Using isolation transformers with TT motors? - diyAudio
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Old 12th February 2003, 04:23 PM   #1
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Default Using isolation transformers with TT motors?

Hi,

My first post to the analogue (been a while since I've spelt it that way ) forum here. I've been looking for reading material on turntable power supplies, and I found many threads on various forums discussing something known as the "DIY Armageddon". Obviously, this was for the LP12, but some people said that AR and Rega tables use the same kind of motor and should benefit from something like this (I have a P3).

Anyway, I saw many people recommend using an isolation transformer with the TT's existing motor and controller, saying that this improved the sound. An old peice of equipment called the "RCA Isotap" (or "Viz Isotap", I believe it's a rebadged version of the same component) was mentioned severa times. Well, I found one on eBay for $25, so it's currently on its way to me.

My question is, what exactly is the benefit gained from using an isolation transformer? The Isotap allows a drop in voltage level, and I can see how that might make a difference. It apparently reduces torque and therefore increases startup time (which doesn't bother me too much), but apparently also reduces vibrations in the motor.

Also, the controller circuit schematic shown on most pages is a dropping resistor folowed by a capacitor on one of the two "hot" lines going to the motor. Could someone please explain what this circuit does, and how it controls an AC synchronous motor (I'm fairly comfortable with basic electrical/electronics principles). I know it's something to do with putting a phase delay between those two lines, but that's all I know.

Final question - the Rega P9 or P25 has a "special" motor controller that has pots that are used for trimming the motor. The pots are adjusted at the factory for minimum motor vibrations. I'm assuming that this is similar to my question above, and that somehow adjusting the phase delay between those two lines adjusts the vibrations in the motor? If so, then what would a circuit look like for me to adjust phase with a variable resistor (only because those are easier to find than variable capacitors).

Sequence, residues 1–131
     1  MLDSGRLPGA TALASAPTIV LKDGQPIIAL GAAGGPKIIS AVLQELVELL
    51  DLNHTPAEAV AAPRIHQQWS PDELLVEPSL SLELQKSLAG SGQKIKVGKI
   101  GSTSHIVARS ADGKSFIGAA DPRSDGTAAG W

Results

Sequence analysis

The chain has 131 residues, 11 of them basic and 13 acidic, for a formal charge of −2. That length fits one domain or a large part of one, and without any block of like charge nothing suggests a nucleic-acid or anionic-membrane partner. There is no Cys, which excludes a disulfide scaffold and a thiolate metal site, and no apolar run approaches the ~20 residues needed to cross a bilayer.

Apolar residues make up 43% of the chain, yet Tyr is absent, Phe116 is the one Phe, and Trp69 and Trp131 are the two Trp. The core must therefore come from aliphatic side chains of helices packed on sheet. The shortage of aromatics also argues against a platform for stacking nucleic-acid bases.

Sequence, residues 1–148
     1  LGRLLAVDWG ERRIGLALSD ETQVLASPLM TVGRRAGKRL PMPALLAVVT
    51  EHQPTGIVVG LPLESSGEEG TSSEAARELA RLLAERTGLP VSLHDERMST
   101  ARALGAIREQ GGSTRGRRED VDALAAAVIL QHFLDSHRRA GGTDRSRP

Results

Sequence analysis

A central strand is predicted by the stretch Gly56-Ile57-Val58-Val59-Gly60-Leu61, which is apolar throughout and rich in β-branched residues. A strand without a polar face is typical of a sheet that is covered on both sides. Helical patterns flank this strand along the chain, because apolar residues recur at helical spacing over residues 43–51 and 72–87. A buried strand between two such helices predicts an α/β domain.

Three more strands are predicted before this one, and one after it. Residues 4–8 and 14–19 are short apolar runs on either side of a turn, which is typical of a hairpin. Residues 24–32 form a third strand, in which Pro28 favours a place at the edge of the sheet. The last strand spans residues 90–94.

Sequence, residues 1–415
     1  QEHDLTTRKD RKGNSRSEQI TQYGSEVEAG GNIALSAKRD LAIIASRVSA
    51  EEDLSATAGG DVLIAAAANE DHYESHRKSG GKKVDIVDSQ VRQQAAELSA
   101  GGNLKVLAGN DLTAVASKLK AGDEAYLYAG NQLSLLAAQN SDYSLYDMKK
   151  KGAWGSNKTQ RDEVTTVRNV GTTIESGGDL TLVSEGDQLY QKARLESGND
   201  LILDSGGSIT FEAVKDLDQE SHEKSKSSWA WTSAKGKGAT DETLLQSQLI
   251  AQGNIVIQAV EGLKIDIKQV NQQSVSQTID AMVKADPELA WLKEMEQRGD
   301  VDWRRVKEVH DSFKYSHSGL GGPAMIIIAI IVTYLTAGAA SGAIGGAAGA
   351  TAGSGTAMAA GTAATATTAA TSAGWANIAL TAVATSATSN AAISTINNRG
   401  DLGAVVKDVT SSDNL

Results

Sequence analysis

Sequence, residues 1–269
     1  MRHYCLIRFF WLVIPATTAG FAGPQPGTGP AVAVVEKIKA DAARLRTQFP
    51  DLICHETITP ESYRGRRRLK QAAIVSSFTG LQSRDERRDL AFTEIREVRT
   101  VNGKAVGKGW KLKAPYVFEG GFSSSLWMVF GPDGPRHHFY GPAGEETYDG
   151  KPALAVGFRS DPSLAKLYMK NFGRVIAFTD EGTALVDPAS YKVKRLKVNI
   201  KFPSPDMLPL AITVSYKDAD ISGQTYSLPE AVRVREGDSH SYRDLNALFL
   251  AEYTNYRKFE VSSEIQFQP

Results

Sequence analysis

Here's a copy-paste from another page so that people know what I'm talking about:

Quote:

PHP Code:
    31V
---/\/\/\-----+------------- motor 1
              
|
 |        |   +---| |---+--- 
motor 2
110V     79V  
|         |
 |        |   +---| |---+
---------------------------- 
motor common 
The resistor is orange, orange, ? i.e. 33x? Ohm. I measured the current of my Mantra motor (same as in LP12) that was 10mA. So I'd guess the dark third ring is red. => 3.3KOhm (31V / 3.3k = 10mA).

The caps are Siemens types MKT. (Siemens MKH) These rectangular green types, where the connecting legs are soldered onto the outside case. Dimensions are 7.5mm leg distance and about 4 mm thick.

So lets guess a little bit. My Mantra had a similar circuit (130V to 75V through serial resistor) and then a 220nF cap in series to one motor leg. There are several capacitors that would match from the dimensions side. There is a 220nF 100V type cap with just the right dimensions, But in the Armageddon has two in parallel. There is also a 100nF 250V type which is the same size so that could be the solution."
I had to use PHP tags to get this to format correctly. The 31V is the drop across the resistor (which shows up as ///), that leaves 79V going out with 110V coming in.

It's near the bottom of this page:

http://www.n.mackie.btinternet.co.uk/linn/tlp12faq.html

Thanks in advance,

Saurav